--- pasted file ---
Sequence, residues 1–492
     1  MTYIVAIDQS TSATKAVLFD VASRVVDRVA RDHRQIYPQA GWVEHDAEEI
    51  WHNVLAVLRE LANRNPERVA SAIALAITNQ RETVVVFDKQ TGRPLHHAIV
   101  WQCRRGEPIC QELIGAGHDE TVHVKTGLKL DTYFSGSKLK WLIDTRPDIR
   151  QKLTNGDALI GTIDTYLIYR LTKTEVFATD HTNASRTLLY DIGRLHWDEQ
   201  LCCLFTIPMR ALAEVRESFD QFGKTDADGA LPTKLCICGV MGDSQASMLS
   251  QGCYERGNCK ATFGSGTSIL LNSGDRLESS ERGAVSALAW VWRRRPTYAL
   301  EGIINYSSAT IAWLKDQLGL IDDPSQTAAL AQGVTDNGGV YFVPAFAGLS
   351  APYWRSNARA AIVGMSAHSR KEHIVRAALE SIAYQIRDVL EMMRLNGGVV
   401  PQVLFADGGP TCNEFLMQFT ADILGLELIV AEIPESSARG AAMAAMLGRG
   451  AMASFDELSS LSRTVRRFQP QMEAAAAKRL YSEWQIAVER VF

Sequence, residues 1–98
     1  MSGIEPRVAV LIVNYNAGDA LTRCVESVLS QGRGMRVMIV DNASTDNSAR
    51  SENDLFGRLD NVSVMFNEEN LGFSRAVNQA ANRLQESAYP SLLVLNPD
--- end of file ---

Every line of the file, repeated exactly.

Sequence, residues 1–492
     1  MTYIVAIDQS TSATKAVLFD VASRVVDRVA RDHRQIYPQA GWVEHDAEEI
    51  WHNVLAVLRE LANRNPERVA SAIALAITNQ RETVVVFDKQ TGRPLHHAIV
   101  WQCRRGEPIC QELIGAGHDE TVHVKTGLKL DTYFSGSKLK WLIDTRPDIR
   151  QKLTNGDALI GTIDTYLIYR LTKTEVFATD HTNASRTLLY DIGRLHWDEQ
   201  LCCLFTIPMR ALAEVRESFD QFGKTDADGA LPTKLCICGV MGDSQASMLS
   251  QGCYERGNCK ATFGSGTSIL LNSGDRLESS ERGAVSALAW VWRRRPTYAL
   301  EGIINYSSAT IAWLKDQLGL IDDPSQTAAL AQGVTDNGGV YFVPAFAGLS
   351  APYWRSNARA AIVGMSAHSR KEHIVRAALE SIAYQIRDVL EMMRLNGGVV
   401  PQVLFADGGP TCNEFLMQFT ADILGLELIV AEIPESSARG AAMAAMLGRG
   451  AMASFDELSS LSRTVRRFQP QMEAAAAKRL YSEWQIAVER VF

Sequence, residues 1–98
     1  MSGIEPRVAV LIVNYNAGDA LTRCVESVLS QGRGMRVMIV DNASTDNSAR
    51  SENDLFGRLD NVSVMFNEEN LGFSRAVNQA ANRLQESAYP SLLVLNPD